Commanding Selfby Idries Shah
'The Commanding Self, ' in Sufic terminology, is that mixture of primitive and conditioned responses, common to everyone, which inhibits and distorts human progress and understanding. This book, while complete in itself as an anthology of hitherto unpublished work, serves to illustrate and amplify Idries Shah's preceding twenty and more books on the Sufi Way.
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THE COMMANDING SELF is for what Harold Bloom, author of THE WESTERN CANON, called 'a strong reader'. It is not for one looking for pre-digested information about what the 'commanding self' might be. In fact, one will find the term, 'commanding self' hardly at all in the book. Rather, the book is an asault on the cluster of responses that prevent real discernment--for example, the demand that the author constantly explain what he is doing along the way. That attitude is of a consumer, not a learner. Each piece in this anthology calls upon the reader to summon most of one's attention just to connect it to the overall theme. The result is a feeling (and perhaps the reality) of emancipation from an inner force one did not even know existed before.
The Commanding Self is the last book published while Idries Shah was alive. It is a wonderfully diverse collection of short bite-size essays and stories that summarizes and expands the ideas contained in his 30 plus books on Sufi thought and action. I especially enjoy the humorous stories that at first blush seem deceptively simple but on subsequent study always turn out to have deeper meanings embedded in them. A Shah interviewer once said that the stories are like 'whole cloth' with a lot of things happening all at once like they do in real life. I have found recurring situations become clearer to me after the memory of a story springs into my mind sometimes months or more later.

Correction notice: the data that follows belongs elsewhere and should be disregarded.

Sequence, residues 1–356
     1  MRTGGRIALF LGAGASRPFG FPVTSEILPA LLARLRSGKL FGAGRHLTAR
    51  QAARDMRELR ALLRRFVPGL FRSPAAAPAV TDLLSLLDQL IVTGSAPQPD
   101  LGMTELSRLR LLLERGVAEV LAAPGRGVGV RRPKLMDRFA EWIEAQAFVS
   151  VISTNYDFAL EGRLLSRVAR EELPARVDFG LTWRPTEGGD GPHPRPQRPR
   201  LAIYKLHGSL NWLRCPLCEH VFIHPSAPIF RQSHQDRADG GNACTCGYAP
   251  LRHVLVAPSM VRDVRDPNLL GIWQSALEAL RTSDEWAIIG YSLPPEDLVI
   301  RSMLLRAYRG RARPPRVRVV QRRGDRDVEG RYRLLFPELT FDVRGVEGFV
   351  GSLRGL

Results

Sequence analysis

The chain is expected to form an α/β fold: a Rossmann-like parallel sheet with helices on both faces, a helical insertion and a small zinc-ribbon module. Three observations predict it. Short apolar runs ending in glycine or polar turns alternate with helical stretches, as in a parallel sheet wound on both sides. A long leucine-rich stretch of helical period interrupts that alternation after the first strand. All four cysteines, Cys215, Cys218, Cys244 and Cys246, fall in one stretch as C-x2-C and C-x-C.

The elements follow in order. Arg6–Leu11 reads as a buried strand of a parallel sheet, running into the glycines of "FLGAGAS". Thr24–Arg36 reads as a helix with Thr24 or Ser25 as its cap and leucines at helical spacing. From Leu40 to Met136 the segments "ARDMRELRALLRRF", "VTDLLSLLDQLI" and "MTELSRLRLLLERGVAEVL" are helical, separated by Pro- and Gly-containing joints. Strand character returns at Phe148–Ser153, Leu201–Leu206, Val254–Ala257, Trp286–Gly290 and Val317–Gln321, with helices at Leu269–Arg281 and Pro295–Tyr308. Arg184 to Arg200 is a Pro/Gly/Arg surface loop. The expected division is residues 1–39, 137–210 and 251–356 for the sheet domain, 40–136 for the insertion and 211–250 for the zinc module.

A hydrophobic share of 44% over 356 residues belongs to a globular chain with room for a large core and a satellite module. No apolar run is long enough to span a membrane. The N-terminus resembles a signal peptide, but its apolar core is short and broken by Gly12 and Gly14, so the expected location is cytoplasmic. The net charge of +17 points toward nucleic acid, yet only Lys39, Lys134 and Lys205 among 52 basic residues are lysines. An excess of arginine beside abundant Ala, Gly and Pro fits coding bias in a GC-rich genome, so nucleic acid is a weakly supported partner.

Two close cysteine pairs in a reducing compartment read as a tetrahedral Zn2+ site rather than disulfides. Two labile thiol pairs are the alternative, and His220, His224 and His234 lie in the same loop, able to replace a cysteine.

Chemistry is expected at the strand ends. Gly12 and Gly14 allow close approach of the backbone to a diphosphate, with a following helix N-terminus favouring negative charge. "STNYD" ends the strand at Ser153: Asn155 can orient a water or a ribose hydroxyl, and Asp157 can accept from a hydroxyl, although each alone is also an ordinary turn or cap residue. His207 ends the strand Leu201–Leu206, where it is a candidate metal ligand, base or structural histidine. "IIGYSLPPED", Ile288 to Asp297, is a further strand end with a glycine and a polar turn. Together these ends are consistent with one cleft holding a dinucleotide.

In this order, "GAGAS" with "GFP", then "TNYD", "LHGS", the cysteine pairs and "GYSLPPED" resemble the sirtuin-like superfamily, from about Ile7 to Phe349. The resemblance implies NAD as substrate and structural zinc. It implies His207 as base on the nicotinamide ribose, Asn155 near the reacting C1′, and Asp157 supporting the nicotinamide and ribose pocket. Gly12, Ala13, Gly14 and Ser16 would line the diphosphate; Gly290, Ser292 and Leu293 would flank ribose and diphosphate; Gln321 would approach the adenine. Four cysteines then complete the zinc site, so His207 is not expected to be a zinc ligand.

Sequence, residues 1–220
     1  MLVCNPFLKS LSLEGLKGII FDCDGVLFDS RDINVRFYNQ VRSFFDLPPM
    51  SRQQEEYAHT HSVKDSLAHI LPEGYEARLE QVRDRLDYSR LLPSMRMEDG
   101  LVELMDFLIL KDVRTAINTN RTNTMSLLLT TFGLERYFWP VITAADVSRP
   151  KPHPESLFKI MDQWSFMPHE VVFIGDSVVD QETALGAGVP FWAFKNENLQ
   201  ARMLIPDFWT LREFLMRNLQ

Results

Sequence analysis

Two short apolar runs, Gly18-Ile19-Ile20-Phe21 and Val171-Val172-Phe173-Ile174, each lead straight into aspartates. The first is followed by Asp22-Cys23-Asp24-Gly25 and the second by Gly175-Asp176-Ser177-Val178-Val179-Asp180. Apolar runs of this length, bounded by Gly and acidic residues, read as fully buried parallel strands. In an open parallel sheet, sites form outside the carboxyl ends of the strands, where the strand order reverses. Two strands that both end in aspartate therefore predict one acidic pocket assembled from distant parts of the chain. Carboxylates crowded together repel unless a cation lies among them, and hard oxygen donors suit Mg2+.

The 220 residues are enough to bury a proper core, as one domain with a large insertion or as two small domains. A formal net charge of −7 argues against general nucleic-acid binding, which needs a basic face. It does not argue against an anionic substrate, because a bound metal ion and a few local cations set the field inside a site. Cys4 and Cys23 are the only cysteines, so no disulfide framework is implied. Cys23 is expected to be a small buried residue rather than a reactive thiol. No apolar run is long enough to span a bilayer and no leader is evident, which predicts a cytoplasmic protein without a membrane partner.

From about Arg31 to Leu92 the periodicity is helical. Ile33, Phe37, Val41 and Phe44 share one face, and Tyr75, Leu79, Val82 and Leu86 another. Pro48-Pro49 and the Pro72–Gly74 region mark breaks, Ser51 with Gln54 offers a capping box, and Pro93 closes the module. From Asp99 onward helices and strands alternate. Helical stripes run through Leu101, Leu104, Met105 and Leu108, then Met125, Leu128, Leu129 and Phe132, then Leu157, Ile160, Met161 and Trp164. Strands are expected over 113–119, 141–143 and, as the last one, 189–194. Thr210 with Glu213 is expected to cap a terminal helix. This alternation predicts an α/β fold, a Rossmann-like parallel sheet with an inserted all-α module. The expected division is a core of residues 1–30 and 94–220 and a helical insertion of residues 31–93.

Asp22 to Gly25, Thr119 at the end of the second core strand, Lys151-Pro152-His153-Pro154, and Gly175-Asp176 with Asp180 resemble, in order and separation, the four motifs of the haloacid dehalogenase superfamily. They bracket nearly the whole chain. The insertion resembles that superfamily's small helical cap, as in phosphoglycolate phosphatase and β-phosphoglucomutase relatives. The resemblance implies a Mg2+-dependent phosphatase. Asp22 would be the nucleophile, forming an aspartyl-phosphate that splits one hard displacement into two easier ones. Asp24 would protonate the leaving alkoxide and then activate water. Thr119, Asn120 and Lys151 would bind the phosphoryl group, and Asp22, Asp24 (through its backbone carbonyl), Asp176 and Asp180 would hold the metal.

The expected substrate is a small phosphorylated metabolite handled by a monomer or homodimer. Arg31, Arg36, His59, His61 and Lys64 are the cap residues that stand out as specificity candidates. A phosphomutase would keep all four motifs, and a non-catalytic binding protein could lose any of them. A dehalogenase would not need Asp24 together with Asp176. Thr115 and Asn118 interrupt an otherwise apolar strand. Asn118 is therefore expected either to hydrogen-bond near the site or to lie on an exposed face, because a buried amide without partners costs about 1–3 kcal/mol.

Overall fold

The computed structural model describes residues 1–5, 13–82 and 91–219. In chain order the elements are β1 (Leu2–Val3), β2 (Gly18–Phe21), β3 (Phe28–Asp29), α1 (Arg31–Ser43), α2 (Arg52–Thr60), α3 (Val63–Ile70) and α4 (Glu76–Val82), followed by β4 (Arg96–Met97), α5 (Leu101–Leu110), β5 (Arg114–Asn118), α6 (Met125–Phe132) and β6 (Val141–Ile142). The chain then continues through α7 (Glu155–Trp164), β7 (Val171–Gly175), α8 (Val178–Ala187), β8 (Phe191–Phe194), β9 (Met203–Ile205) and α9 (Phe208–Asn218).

The Commanding Self, often referred to as the primitive conditioned animal brain, is illustrated in a number of tales from the newspaper, classical sources, and face-to-face interactions. This conditioning can take the form of over-emotionality, pride, and heedlessness that stand in the way of real knowledge. If you are looking for an entertaining glimpse of the self or the esoteric tradition of overcoming the Commanding Self, this is the book for you.